Let me note briefly that I believe there should be an incerase in judicial pay and that there should be some variation in pay based upon the cost-of-living. While I do not find all of Justice Roberts’ arguments convincing, I believe tha federal policymakers should take seriously the magnitude of the opportunity costs faced by desirable nominees. Yes, the average federal judge makes lots more than the average attorney, but so what? I don’t want average attorneys as federal judges. I want high-caliber attorneys with discerning legal minds and the intellectual fortitude to make the proper judicial decisions without regard for the contemporary legal zeitgeist or “Greenhouse” effect. In other words, I want more judges like John Roberts, Samuel Alito, Peter Keisler, Diane Sykes, Douglas Ginsburg, and Michael McConnell, and future nominees like Miguel Estrada and Maureen Mahoney.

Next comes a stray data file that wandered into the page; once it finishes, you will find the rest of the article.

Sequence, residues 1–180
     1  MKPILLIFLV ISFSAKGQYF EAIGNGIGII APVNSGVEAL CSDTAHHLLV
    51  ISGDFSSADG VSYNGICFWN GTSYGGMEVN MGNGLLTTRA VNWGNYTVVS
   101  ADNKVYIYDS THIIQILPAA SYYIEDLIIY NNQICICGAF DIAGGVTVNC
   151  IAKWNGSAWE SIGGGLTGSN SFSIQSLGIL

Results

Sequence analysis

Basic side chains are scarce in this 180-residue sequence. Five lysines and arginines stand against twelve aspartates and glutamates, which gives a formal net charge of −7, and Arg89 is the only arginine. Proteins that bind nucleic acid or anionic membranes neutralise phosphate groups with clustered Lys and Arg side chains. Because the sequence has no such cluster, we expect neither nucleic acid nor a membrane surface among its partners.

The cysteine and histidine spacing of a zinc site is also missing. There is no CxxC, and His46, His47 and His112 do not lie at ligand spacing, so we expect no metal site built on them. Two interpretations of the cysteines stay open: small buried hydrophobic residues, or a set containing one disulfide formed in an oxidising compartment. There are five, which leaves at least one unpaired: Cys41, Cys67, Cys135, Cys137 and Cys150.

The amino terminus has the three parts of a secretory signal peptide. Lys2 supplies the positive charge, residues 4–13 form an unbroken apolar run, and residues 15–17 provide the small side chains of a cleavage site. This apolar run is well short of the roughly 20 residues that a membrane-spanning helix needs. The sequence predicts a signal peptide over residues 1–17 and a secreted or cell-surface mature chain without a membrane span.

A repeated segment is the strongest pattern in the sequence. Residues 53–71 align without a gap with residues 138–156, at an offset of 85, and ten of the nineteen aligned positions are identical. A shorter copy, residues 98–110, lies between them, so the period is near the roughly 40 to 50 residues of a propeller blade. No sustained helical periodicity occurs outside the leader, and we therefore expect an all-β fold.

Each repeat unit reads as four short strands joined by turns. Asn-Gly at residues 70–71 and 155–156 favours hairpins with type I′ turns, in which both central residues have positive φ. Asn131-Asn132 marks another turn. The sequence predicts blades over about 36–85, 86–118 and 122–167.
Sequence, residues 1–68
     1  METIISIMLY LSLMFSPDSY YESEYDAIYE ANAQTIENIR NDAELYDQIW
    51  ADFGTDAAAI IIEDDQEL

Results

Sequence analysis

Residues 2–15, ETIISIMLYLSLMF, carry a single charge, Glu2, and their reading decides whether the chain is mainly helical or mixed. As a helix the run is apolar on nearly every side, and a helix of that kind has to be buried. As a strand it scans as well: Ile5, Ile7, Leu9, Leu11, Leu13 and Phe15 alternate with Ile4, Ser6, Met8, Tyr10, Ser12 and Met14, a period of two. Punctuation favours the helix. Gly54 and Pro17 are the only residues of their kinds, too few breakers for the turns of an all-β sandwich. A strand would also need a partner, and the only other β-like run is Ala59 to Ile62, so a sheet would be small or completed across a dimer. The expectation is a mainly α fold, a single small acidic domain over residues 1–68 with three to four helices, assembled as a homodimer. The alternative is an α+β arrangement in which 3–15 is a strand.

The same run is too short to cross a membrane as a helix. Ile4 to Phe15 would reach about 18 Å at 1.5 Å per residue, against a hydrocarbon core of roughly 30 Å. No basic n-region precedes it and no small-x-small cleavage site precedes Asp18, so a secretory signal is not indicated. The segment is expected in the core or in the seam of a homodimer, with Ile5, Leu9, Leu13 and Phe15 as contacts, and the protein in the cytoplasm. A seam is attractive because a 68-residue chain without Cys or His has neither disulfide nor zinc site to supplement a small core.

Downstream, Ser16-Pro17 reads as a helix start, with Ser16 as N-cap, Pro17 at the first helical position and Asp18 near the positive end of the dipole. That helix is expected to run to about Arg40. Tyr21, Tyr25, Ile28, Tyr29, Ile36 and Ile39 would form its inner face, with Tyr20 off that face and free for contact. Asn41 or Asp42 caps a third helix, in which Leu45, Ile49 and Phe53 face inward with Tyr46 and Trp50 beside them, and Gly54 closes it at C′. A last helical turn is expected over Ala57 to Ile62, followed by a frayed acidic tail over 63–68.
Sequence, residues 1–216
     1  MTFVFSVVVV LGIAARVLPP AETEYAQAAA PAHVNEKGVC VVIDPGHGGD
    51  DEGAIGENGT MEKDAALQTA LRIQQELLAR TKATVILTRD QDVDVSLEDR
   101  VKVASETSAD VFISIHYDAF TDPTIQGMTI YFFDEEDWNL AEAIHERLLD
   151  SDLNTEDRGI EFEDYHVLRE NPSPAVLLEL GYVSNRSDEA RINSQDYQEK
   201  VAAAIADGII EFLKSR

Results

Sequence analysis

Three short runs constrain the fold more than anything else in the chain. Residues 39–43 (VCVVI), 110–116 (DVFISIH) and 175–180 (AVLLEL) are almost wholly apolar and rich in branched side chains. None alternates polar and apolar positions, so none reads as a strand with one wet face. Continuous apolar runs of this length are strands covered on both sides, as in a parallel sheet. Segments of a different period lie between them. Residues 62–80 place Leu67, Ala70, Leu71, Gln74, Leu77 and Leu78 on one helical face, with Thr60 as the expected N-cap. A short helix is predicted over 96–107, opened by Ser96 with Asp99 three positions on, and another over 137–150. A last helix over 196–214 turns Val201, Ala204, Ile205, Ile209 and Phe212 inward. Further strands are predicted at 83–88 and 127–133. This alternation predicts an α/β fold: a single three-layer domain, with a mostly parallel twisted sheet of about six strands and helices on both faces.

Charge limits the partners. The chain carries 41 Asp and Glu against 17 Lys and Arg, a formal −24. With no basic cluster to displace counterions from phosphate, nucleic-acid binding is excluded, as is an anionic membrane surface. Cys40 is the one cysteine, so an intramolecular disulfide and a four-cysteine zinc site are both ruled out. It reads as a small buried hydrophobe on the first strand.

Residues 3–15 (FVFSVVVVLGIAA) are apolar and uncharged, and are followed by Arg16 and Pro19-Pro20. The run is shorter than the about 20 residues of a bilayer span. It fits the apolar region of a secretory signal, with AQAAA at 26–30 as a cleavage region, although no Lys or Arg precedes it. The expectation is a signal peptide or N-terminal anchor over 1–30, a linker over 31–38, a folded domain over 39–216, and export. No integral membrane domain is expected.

By analogy, it is common for law schools and business schools to pay their professors signficatnly more than profesors of equivalent rank in the humanities or social sciences. The reason is because, for example, the opportunity costs for quality law teaching candidates are typially far greater than those of someone with a Ph.D. in comparative literature. So, even if one thinks professors should be wiling to take a 30-40 percent pay cut for the privilege and other rewards of teaching, law professor salaries would still be well above most other parts of the university. This helps law schools get the professors they want, and I think a similar approach would help increase the quality of the federal bench.